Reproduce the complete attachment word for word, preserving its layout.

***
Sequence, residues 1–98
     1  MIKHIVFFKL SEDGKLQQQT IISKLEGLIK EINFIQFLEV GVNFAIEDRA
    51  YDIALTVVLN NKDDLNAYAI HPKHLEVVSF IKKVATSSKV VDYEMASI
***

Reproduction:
Sequence, residues 1–98
     1  MIKHIVFFKL SEDGKLQQQT IISKLEGLIK EINFIQFLEV GVNFAIEDRA
    51  YDIALTVVLN NKDDLNAYAI HPKHLEVVSF IKKVATSSKV VDYEMASI